A Guide to Cryosurgery Treatments
This article explains cryosurgery’s purpose, the procedure, and the possible risks.
Cryosurgery uses extreme cold to destroy cells. It is an alternative to the surgical removal of abnormal or diseased tissue. As it does not involve cutting to remove the tissue, it is less invasive than traditional excisional surgery. Doctors can use it to remove or destroy cancerous and noncancerous tissue.
The substance that freezes the skin is a cryogen. Liquid nitrogen is the cryogen that doctors most commonly use today. It has a temperature of -320.8°F (-196°C).
Other cryogens include:
- argon gas
- carbon dioxide snow
- dimethyl ether and propane (DMEP)
Doctors can apply the cryogen directly to the skin to treat superficial problems. They usually do this using a spray application or a cotton swab. The cryoprobe allows them to access abnormal tissues inside the body. A cryogen circulating within the cryoprobe provides the freezing temperatures.
When using a cryoprobe, doctors typically rely on imaging to help guide the placement of the probe. This allows them to spare as much healthy tissue as possible.
As cells thaw and die, they will form a scab on the outside of the body. On the inside, the body will resorb the destroyed tissue.
Doctors can treat a variety of diseases with cryosurgery. These include both cancerous and noncancerous conditions.
Cancers that doctors can remove with cryosurgery include:
- basal cell and squamous cell carcinomas
- chondrosarcoma bone cancer
- Kaposi’s sarcoma
- liver cancer, when it has not spread outside the liver
- non-small cell lung cancer
- prostate cancer, when it is in the early stages
- retinoblastoma, which is cancer that affects the retina of the eye
Doctors may also recommend cryosurgery for the following noncancerous conditions:
- benign bone tumors
- hypertrophic or keloid scars
- molluscum contagiosum, which is a viral skin infection
- precancerous actinic keratosis
- precancerous cervical intraepithelial neoplasia (CIN)
- seborrheic keratosis, which is a benign skin growth
- skin tags
- solar lentigo, which is a darkened skin patch due to UV light exposure
Cryosurgery may be part of an overall treatment plan involving other treatments. Careful follow-up is often necessary, especially when cancer is present.
One of the main benefits of cryosurgery is that it is less invasive than cutting out abnormal tissue. For superficial skin problems, doctors can perform it quickly as an office-based procedure.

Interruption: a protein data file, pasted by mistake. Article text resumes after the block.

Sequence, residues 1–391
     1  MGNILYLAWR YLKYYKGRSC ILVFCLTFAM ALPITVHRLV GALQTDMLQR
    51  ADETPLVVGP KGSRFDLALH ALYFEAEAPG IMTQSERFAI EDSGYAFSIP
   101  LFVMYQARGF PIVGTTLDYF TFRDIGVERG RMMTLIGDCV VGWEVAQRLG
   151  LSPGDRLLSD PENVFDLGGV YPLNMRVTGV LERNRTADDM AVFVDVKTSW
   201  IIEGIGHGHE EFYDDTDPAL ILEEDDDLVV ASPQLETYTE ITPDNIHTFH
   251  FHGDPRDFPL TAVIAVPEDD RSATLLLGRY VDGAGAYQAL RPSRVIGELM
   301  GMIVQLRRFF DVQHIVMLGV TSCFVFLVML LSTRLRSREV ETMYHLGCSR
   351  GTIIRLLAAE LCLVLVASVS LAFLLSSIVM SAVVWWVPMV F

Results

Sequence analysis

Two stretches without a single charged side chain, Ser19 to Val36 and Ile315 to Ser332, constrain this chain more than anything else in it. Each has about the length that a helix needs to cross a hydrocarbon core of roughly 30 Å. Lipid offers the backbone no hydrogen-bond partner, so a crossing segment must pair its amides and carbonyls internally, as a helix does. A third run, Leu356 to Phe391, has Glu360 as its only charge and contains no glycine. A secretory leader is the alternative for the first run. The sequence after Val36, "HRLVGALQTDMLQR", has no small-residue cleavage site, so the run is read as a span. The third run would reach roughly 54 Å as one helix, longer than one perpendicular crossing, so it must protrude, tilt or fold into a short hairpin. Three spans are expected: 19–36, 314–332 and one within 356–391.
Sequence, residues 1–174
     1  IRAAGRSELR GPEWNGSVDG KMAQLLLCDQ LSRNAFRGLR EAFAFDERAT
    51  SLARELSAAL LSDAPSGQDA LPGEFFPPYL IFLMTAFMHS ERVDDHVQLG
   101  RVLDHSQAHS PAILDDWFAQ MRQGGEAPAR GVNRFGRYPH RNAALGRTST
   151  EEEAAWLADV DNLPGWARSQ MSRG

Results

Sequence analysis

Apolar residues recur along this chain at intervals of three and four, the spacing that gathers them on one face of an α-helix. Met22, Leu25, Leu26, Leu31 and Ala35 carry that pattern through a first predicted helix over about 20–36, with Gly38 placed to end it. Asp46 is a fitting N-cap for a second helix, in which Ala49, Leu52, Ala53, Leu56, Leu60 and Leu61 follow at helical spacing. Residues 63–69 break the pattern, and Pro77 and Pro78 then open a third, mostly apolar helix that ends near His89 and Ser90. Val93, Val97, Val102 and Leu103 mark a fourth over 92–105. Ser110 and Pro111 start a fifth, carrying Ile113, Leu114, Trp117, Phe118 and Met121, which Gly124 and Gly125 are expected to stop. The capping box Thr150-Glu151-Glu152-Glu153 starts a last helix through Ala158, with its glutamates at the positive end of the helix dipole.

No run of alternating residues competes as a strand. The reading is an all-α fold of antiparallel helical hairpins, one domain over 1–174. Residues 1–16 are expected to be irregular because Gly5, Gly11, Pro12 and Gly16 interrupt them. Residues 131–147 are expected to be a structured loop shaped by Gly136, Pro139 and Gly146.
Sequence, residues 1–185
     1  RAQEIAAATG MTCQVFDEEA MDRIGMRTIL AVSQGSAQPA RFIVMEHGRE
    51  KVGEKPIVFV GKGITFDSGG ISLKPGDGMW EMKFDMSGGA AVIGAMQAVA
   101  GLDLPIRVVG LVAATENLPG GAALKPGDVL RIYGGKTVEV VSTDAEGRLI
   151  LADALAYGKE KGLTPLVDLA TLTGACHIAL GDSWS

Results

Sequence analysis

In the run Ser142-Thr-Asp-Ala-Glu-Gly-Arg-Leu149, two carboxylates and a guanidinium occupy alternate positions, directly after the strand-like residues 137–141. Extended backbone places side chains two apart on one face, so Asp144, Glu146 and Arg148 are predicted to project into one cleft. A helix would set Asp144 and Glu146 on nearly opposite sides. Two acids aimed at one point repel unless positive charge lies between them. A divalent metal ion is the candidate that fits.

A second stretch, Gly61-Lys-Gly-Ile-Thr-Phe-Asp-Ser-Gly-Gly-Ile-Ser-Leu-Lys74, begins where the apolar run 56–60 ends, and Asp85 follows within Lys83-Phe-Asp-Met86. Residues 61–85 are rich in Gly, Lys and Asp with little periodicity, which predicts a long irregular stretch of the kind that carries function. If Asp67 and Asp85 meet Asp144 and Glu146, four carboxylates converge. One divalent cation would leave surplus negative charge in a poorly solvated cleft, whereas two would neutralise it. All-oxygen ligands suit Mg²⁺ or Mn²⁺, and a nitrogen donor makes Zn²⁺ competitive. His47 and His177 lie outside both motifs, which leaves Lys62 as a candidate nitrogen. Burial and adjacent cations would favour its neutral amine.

Using a cryoprobe to remove internal tissue is usually an outpatient procedure. Only a small punch or incision is necessary to insert the probe. As a result, this procedure is less painful than traditional surgery and causes less bleeding.
Other benefits include:
- Anesthesia is generally not necessary for superficial skin problems. Local anesthesia can control pain when necessary.
- Cryosurgery is generally safe.
- Cryosurgery may be an option for people who are not candidates for traditional surgery.
- Cryosurgery spares healthy tissue.
- Doctors can repeat cryosurgery to achieve the desired results.
- cramping, when cervical tissue is the target
Scarring of the skin can occur as the area heals.
Although complications are less likely, they are possible. The most common complication is loss of skin pigmentation, which may be permanent.
Other possible complications include:
- depressed scars and other tissue distortions
- hair loss in the area
- healing problems
- local nerve damage or numbness
- wound infection
There are also potential side effects and complications specific to the area undergoing cryosurgery, such as the prostate or liver. It is best to talk with your doctor and ask what can happen with the particular cryosurgery you are considering.
Cryosurgery can be a simple and effective treatment for a variety of dermatologic conditions. Most people tolerate the procedure well.
However, there are some situations in which this procedure is not the best choice. Generally, doctors do not recommend cryosurgery for the following:
- circulation problems at the site
- lesions that require pathology evaluation or do not have a diagnosis
- people who have had adverse reactions to cryosurgery in the past
- people with dark skin, due to the risk of hypopigmentation
- young children
Doctors also do not recommend cryosurgery for people with conditions that worsen with cold. These conditions include:
- cold urticaria
- multiple myeloma
- Raynaud’s disease
Cryosurgery is an old technique that has many modern uses. Its use is common in dermatology, as it can remove abnormal tissue from the skin.
Other uses include removing both cancerous and noncancerous lesions from inside and outside the body. For superficial conditions, cryosurgery offers a quick, simple, and generally safe option. Cryosurgery is often less invasive for removing internal tumors and growths and carries less risk than traditional surgery.